The doc is concerned with the Nazi plundering of art and cultural treasures during World War II and the measures that museum workers took to safeguard their precious collections. Workers at the Louvre and Hermitage cobbled together evacuation plans to keep their most important items from being stolen. Although decades in the past, the story continues with legal skirmishes waged over the rightful ownership of paintings taken at the time. The sheer volume of artwork the Nazis stole, hid, and destroyed is mind-boggling. In one sense, it's a miracle anything survived.
THE RAPE OF EUROPA also looks at the damage inflicted on architecture during the war and the repairs still being done today. Allied commanders had to decide what they would attack and bomb despite the historic or artistic value of the buildings. Information like this keeps the documentary fresh.
I wouldn't be surprised if THE RAPE OF EUROPA turns up on PBS or The History Channel at some point. It's a solid piece of work that presents a unique aspect about the war. The title suggests a bleaker film than it is. To be sure the loss of life in the war was a greater tragedy, but this film underscores the idea that valuable parts of culture and history were lost too.
With little time to spare, I zipped to the other side of the theaters to catch THE TRACKER. It is screening in the Director's Spotlight sidebar on Rolf de Heer. David Gulpilil of WALKABOUT fame is featured as the aboriginal man leading three men through the outback to find The Fugitive (Noel Wilton), a native accused of killing a white woman in 1922 Australia. The search party consists of The Fanatic (Gary Sweet), a mounted policeman with no regard for the lives of the aborigines; The Follower (Damon Gameau), who's new to the frontier; and The Veteran (Grant Page) drafted to assist.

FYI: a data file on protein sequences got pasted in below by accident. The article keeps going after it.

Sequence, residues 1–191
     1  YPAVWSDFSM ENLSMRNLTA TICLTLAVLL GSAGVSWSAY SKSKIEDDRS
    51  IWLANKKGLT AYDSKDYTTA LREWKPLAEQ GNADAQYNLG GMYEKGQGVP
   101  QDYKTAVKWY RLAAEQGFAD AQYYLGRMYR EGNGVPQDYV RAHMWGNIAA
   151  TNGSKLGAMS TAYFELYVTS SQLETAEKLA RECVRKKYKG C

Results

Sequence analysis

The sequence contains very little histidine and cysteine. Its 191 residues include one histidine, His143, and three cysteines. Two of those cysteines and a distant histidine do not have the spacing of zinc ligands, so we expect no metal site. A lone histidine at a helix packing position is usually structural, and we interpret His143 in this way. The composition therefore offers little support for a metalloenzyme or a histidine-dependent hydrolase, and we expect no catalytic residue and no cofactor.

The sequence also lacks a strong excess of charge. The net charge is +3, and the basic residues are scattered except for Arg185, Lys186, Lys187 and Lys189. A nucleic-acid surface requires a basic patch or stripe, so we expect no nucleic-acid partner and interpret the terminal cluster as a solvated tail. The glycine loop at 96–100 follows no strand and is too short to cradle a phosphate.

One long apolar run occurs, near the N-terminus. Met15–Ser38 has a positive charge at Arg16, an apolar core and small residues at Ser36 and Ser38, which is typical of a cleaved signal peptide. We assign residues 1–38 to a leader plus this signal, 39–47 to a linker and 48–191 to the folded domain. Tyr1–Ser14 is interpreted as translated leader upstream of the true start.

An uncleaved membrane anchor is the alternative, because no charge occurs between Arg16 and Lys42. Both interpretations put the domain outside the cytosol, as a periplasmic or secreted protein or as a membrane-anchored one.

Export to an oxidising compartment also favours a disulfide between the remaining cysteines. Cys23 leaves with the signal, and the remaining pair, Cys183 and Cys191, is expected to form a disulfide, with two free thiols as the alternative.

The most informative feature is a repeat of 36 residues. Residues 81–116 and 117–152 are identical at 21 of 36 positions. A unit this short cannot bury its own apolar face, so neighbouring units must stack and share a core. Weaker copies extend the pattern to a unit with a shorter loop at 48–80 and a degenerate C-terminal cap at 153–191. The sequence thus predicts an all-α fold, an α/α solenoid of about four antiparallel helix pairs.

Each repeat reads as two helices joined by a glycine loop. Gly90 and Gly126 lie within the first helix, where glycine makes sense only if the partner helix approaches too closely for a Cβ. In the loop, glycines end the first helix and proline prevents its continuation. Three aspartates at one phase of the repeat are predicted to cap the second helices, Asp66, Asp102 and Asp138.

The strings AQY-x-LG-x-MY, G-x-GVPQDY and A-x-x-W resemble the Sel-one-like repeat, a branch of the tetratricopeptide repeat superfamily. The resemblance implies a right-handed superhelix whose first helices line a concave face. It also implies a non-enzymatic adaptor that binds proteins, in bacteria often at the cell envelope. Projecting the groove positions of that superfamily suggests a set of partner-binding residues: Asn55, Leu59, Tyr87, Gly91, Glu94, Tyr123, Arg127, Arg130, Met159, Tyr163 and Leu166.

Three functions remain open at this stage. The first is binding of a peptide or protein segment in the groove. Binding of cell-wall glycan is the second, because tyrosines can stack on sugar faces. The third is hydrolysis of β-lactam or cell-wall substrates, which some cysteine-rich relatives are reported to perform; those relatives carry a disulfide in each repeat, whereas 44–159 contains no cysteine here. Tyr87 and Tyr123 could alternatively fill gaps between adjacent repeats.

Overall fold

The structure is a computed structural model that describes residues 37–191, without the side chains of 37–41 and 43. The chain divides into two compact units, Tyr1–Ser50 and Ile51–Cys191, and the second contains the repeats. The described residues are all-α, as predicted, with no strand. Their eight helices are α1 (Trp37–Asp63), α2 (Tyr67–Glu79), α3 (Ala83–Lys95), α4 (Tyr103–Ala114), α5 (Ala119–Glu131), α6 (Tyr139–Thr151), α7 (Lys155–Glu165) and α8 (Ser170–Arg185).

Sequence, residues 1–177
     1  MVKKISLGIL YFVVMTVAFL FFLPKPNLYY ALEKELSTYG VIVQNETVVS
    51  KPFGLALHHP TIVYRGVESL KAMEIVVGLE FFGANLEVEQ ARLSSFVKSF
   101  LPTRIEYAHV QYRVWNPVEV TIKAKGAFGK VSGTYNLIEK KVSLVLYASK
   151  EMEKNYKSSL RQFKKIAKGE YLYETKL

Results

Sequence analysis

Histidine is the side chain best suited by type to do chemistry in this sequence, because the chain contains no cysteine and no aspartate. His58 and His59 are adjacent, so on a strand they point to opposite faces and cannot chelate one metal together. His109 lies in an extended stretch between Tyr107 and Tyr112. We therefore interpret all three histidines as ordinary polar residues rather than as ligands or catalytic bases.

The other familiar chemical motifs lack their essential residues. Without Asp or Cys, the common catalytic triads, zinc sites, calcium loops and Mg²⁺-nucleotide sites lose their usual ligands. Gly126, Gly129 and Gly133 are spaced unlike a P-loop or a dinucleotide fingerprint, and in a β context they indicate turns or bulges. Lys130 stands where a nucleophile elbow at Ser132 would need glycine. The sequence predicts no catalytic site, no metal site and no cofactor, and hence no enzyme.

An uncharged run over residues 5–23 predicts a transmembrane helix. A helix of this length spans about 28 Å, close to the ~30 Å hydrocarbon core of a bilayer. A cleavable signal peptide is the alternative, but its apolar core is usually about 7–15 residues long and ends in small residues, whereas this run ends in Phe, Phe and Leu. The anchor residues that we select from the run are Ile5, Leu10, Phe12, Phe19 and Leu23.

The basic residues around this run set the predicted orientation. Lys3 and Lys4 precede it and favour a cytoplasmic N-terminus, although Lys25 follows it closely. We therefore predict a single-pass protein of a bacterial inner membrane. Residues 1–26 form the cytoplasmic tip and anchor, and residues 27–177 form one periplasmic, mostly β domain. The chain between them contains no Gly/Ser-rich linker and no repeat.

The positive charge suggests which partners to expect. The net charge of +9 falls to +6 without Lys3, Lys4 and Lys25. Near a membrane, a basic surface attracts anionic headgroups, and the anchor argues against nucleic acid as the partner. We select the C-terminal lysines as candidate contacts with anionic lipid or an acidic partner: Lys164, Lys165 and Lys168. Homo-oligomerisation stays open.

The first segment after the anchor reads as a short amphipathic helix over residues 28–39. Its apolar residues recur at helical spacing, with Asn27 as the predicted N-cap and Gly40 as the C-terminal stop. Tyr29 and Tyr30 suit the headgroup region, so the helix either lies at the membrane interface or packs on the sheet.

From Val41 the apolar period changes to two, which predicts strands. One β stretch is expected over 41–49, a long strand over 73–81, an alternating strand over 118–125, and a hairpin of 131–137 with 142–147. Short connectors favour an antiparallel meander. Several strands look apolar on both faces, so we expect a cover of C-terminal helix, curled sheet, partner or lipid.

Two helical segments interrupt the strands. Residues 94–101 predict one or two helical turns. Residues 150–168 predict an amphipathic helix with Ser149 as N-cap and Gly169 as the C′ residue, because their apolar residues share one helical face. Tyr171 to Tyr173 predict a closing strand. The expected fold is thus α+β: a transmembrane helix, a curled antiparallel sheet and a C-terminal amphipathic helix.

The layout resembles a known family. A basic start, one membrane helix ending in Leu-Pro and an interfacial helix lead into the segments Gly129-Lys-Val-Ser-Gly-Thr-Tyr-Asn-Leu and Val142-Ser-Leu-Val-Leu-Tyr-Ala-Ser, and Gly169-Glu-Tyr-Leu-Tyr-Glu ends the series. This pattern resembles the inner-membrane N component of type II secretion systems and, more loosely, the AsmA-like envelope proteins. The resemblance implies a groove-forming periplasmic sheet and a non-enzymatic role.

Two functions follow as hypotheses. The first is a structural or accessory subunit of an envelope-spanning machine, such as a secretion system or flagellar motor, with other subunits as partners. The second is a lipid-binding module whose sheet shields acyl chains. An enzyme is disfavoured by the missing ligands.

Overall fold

de Heer elects to depict the violence through Peter Coad's paintings, a technique perhaps more effective than the explicit reality we've come to expect in films. It's still obvious that what The Fanatic does out of righteousness is terrible. If anything, it brings it to attention more because there's little in the way of graphic violence to look past.
Gulplil gives a commanding performance as The Tracker. He's a complex character, one whose actions and motivations are hard to divine. Why would he choose to hunt down one of his own, who will certainly be marked for death regardless of if he is innocent? Is he leading them on a wild goose chase? Through the smallest facial expressions Gulplil suggests a greater intellect than the others believe him capable of and a lifetime of suffering that he laughs away on the surface.
Boasting some outstanding location shooting and a powerful message about Australia's racist past, THE TRACKER was a fine way to bring my first jaunt to this year's festival to a close. There weren't any films I was dying to see at the day's last two sessions. Plus, I was weary enough that the thought of getting home at a decent hour was more appealing.
I kept true to my word to keep from going bonkers by seeing as much as I could. I'm in much better shape than if I'd crammed in films in the seven slots I left empty. I'll be back at it this Thursday through Sunday.
Prior Cleveland International Film Festival entries
-March 16: Back at the Cleveland Film Festival
-March 16: WHAT MEANS MOTLEY?
-March 16: STILL ALIVE, REPRISE, and LIQUID VINYL
-March 17: ANGOSTO, LOOKING FOR LEONARD, RED ROAD, A GRAVE-KEEPER'S TALE, and COLD PREY